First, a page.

News / Economy

France: Greece Must Stay in Eurozone

France’s President Francois Hollande, left, welcomes Greece's Prime Minister Antonis Samaras at the Elysee Palace, Paris, August 25, 2012.France’s President Francois Hollande, left, welcomes Greece's Prime Minister Antonis Samaras at the Elysee Palace, Paris, August 25, 2012.
x
France’s President Francois Hollande, left, welcomes Greece's Prime Minister Antonis Samaras at the Elysee Palace, Paris, August 25, 2012.
France’s President Francois Hollande, left, welcomes Greece's Prime Minister Antonis Samaras at the Elysee Palace, Paris, August 25, 2012.
VOA News
French President Francois Hollande says Greece must stay in the European currency union and he has encouraged Greek leaders to make sure economic reforms they enact can be borne by the Greek people.

Hollande met with Greek Prime Minister Antonis Samaras in Paris Saturday to talk about the country's bailout plan. The French president said Greece must demonstrate the credibility of its plan for relieving its economic woes.

Samaras said Saturday he is confident Greece will remain in the eurozone. However, he has been telling fellow European leaders that Greece must have more time to put into effect the big spending cuts that the EU insists upon in return for financial assistance.

The meeting in Paris followed Samaras' talks in Berlin on Friday German Chancellor Angela Merkel. Both she and Hollande say they will await a progress report on Greece's reform efforts, due next month, before deciding on Athens' request for up to two more years to meet its financial goals.

The German and French leaders both say they want Greece to stay in the eurozone.

Auditors from the European Union, the International Monetary Fund (IMF) and the European Central Bank will prepare the Greek progress report, and their conclusions could have an impact on the timing of the bailout package.

The current assistance plan by the EU and IMF, valued at slightly more than $160 billion, obliges Athens to put sweeping economic reforms in effect and slash domestic spending by about $13 billion in 2013 and 2014.

Despite 23 percent unemployment and a fifth year of recession in Greece, Samaras says his government can keep functioning until October, but the country's future solvency depends on the bailout package.

Finance ministers of the eurozone countries are to meet in Luxembourg on October 8, 10 days before European heads of state and government meet in Brussels.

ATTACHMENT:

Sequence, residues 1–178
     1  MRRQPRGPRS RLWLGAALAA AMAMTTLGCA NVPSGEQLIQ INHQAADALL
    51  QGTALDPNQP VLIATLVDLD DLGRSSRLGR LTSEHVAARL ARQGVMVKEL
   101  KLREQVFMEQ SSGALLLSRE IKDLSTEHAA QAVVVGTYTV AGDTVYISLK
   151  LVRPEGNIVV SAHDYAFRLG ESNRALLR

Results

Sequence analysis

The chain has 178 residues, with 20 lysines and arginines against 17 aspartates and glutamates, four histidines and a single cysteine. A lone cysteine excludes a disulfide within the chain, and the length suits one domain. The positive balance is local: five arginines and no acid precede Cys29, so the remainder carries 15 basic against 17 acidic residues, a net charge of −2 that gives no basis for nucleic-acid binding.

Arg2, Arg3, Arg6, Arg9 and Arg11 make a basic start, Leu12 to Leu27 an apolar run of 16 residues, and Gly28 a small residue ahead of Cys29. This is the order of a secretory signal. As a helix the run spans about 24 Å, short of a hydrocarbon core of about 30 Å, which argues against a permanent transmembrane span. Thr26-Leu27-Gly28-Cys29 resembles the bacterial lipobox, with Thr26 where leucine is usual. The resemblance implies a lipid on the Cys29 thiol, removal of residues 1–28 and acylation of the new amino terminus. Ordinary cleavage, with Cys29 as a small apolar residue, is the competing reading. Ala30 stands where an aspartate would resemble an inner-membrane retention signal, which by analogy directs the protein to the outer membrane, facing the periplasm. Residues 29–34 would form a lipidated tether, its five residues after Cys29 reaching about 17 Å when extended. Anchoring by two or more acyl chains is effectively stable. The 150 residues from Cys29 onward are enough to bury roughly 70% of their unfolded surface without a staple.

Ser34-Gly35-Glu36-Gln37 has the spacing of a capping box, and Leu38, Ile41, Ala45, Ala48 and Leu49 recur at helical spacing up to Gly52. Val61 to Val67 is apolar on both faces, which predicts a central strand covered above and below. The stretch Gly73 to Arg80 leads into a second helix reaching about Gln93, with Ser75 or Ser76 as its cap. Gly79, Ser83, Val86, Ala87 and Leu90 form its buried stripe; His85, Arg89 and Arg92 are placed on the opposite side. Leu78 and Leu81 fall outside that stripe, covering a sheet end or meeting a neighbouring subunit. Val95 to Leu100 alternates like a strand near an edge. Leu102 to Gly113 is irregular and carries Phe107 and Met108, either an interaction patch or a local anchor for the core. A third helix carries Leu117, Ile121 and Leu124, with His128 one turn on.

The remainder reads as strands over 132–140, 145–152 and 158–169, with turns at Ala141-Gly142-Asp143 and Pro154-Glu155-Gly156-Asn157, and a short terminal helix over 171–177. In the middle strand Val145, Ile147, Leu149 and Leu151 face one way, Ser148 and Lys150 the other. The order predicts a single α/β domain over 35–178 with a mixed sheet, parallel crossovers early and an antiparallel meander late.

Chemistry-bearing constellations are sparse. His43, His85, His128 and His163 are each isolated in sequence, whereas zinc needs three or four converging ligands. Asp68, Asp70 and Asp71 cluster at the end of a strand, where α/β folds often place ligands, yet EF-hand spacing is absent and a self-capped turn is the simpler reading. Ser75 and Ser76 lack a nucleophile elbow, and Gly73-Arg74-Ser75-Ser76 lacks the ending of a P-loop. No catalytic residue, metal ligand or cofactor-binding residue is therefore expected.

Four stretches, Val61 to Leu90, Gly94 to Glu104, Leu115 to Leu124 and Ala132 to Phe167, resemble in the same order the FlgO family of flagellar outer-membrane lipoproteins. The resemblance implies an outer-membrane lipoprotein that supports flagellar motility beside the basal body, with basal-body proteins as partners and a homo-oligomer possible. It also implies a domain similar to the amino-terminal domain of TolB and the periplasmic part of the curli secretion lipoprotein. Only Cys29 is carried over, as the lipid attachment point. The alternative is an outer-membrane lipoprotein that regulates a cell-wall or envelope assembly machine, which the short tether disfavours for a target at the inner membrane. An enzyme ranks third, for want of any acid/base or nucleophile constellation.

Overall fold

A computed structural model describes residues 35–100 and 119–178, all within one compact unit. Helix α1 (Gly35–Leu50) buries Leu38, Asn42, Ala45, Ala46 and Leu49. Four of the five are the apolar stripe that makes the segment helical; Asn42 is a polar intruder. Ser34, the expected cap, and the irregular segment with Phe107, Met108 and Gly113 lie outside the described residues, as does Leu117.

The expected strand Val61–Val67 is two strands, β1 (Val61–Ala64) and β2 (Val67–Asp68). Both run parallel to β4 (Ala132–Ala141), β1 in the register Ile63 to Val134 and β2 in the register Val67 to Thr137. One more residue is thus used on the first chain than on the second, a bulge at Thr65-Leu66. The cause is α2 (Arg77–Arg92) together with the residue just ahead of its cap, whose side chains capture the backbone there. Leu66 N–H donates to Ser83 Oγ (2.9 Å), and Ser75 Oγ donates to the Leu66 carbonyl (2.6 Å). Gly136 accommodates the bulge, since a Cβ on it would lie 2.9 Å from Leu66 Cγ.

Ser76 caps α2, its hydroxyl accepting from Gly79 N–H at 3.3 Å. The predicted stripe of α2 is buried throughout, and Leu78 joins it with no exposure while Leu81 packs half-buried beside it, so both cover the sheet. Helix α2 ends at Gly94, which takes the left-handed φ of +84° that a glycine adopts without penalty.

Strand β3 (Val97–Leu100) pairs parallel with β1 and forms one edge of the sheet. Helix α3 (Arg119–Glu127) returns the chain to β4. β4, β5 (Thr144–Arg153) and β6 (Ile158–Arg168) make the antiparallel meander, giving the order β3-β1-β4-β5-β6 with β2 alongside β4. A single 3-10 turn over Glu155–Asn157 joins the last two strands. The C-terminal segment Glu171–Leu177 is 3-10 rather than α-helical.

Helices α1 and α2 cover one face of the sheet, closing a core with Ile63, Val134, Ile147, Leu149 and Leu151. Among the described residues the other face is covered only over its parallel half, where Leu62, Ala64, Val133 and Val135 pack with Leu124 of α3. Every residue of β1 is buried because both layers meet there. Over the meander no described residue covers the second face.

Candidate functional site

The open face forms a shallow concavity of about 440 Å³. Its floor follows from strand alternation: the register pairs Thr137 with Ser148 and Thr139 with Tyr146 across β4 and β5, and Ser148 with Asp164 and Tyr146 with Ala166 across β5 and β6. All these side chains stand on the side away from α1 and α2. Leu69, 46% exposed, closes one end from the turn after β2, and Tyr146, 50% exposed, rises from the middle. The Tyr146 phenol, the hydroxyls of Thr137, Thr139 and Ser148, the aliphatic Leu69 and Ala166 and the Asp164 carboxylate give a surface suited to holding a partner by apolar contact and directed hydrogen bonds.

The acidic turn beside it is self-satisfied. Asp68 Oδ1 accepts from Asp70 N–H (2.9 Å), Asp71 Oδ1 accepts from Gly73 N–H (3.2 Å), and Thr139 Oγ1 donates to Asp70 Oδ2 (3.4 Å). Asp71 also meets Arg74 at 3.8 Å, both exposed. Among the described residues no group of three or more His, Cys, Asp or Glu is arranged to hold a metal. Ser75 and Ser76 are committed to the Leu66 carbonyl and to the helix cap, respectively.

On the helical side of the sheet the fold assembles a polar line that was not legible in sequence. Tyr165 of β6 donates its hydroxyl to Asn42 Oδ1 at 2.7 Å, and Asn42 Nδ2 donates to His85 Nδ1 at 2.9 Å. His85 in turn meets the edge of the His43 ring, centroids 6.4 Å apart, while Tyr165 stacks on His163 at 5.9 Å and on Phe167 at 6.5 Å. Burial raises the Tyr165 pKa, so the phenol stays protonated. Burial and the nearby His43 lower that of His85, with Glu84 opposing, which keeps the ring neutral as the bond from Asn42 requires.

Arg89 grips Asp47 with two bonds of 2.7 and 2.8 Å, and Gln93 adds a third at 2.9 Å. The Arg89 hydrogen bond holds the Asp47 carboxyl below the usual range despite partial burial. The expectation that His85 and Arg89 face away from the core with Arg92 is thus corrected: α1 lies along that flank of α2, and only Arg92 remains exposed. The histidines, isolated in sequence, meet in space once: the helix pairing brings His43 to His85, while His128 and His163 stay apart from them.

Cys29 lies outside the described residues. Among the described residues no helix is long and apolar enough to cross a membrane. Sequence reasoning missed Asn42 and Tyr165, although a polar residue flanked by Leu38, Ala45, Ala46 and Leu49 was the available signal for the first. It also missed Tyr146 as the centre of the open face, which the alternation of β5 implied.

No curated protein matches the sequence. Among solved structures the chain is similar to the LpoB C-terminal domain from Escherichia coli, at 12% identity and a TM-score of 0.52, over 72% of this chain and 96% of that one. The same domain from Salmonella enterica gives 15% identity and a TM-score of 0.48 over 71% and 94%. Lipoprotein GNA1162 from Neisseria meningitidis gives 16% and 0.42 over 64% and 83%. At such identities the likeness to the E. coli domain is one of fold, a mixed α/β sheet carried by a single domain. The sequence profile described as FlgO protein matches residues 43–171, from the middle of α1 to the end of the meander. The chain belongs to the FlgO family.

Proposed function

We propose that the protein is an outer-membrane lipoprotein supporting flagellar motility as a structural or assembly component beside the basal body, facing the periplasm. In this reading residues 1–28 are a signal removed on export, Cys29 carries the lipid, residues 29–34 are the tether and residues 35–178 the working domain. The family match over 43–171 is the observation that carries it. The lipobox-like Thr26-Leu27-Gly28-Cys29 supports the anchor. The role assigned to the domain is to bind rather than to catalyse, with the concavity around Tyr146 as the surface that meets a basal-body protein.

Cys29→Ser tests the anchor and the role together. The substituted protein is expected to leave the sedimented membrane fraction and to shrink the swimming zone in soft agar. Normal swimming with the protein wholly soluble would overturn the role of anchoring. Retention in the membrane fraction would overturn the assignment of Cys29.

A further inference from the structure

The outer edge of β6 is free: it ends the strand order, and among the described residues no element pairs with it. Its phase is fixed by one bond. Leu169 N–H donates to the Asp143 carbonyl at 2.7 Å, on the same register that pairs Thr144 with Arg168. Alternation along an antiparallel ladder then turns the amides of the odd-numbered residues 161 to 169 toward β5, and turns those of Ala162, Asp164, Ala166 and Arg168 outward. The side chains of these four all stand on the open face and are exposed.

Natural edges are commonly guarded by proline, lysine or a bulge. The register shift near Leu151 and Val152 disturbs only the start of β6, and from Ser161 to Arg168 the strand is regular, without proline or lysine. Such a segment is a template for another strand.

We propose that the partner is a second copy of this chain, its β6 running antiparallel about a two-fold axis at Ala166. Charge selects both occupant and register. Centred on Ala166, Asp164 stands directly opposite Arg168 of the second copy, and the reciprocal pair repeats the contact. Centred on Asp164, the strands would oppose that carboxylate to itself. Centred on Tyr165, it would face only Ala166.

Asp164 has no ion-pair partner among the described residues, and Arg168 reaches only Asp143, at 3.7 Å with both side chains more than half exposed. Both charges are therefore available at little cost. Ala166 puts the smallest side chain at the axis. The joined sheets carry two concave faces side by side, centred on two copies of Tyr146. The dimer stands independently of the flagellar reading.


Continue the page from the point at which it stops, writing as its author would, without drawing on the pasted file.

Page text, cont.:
You May Like

Video One Year After Thai Coup, No End in Sight for Military Rule

Since carrying out the May 22, 2014 coup, the general has retired from the military but is still firmly in charge More

Video Afghan Economy Sinks As Troops Depart

Afghans are grappling with how exodus will affect country's fragile economy More

Video Scientists Say We Need Softer Robots

Today’s robots are mostly hard, rigid machines, with sharp edges and forceful movements, but researchers at Carnegie Mellon University say they should be softer and therefore safer More

This forum has been closed.
Comment Sorting
Comments
     
by: Rob Swift from: Great Britain
August 27, 2012 9:15 AM
The economic base was always okay, but what happened was - same as here in Britain - the relations of production came to be in conflict with the means of production. Too many bureaucrats , old school boys, and bankers at the top. So with so many parasites and passengers in the driving seats, governments decided to dismantle the means of production, and take the motor out of it all to save a bit on fuel. All those levers of power are not connected to anything, and without the motor it's not going anywhere. At a time of change nothing moves. Sooner rather than later Germany and France will have to ditch the euro and get something moving again..

by: Mike from: California
August 25, 2012 9:03 PM
If Greece does not exit, then Germany will have to carry their growing debt. There is NO other known solution. According to The Economist magazine, the Greek government has not reduced its very bloated headcount even yet. They simply refuse to act.

Eventually, Italy and Spain will learn that they too do not have to reform their economies. And Germany will have to carry their debt too. This is crazy.

Everyone expects that Greece will exit the euro, so the actual fact will not be an economic or political shock. The exit would shock Italy, Spain, and Portugal into much needed reform. The EU would benefit in the long-run.

Featured Videos

Your JavaScript is turned off or you have an old version of Adobe's Flash Player. Get the latest Flash player.